HUNTS TO cull deer herds are nothing new in Maryland. Scheduling a managed hunt in a 2 1/2-acre suburban yard, however, is new -- and troubling, too.
Maryland hunters killed a record 73,570 deer last year and slowed the growth of the population in rural areas, but naturalists say the number of deer migrating to the outer suburbs continues unabated. Free from hunters, these herds feast on suburban landscaping. Tired of losing her plants to ravenous deer, a Stevenson resident, Paula Farbman, applied for and received a permit for a hunt with bow and arrows, not firearms, in her yard.
Bowhunting is an effective and acceptable control tool in areas on the fringes of suburbia. Last year, bow hunters downed 16,300 deer, also a record.
But the effectiveness of a hunt in a single yard is questionable. It threatens the safety of neighbors and passers-by. Even if Ms. Farbman hires exceptionally skilled hunters, they can hunt only in her Baltimore County yard. They won't be able to chase the deer into neighbors' lots or down the street.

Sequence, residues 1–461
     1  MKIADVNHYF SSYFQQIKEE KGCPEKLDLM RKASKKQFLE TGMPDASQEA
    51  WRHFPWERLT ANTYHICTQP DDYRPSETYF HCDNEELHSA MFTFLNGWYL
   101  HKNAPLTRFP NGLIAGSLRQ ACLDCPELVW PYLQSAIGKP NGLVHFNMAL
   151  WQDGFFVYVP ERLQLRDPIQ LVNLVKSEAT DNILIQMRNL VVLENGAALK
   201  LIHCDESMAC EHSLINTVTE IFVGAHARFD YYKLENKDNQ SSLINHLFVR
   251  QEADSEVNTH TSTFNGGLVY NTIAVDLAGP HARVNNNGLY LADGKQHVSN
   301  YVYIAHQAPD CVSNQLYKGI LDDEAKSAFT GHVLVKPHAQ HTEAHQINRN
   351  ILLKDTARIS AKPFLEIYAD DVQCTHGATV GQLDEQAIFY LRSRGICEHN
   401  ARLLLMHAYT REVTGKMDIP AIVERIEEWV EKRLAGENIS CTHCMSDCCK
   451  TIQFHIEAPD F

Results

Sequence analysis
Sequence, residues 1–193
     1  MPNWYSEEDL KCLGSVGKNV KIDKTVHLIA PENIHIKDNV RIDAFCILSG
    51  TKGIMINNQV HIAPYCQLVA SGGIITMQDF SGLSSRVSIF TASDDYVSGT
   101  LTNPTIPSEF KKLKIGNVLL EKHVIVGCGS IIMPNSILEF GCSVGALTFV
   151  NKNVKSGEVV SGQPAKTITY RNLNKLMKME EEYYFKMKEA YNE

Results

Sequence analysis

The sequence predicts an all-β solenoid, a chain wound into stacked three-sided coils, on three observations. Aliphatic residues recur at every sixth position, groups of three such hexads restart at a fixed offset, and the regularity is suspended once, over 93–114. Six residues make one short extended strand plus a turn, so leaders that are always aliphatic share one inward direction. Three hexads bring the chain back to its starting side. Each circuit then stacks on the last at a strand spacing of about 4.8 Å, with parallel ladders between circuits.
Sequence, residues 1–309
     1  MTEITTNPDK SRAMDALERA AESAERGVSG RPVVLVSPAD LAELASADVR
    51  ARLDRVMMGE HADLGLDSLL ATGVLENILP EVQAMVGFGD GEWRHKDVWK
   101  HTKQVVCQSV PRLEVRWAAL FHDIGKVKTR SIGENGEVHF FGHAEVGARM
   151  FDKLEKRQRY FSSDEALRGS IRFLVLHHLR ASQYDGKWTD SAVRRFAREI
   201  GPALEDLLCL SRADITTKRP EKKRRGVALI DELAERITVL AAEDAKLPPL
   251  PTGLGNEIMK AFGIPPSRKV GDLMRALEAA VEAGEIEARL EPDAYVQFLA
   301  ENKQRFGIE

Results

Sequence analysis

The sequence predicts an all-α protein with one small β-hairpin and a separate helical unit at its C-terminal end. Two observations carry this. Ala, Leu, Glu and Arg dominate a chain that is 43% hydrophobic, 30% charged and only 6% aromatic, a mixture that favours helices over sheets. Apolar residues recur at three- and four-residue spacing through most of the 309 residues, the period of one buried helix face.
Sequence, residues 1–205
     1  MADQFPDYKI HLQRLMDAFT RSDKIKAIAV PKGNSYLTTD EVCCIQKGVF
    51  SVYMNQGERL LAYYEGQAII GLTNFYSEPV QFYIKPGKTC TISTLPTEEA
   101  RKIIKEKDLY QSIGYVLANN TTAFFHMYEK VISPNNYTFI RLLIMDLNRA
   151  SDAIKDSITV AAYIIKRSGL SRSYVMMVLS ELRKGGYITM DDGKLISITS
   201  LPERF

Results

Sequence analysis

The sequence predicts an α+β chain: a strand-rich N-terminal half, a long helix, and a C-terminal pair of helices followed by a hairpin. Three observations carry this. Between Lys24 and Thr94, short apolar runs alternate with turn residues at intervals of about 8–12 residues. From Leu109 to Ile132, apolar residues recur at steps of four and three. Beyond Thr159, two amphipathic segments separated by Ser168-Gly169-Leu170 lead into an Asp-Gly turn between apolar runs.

Over time, deer learn to avoid hunters. If the managed hunt merely steers deer from Ms. Farbman's yard, it will only increase the population in her neighborhood. They will eventually return to her yard.
Hunts in suburbia are problematic. Last winter, a managed hunt in Howard County's Middle Patuxent Environmental Area was canceled to allow further study. County Executive James N. Robey has resumed plans for a hunt this year.
Animal rights activists urge the use of contraceptives for reducing deer populations, but these methods are not likely to prove any more successful in the suburbs than they have been in rural areas. Perhaps the only effective, and universally acceptable, method to discourage suburban herds is for homeowners to landscape with plants that deer dislike.
Pub Date: 10/12/99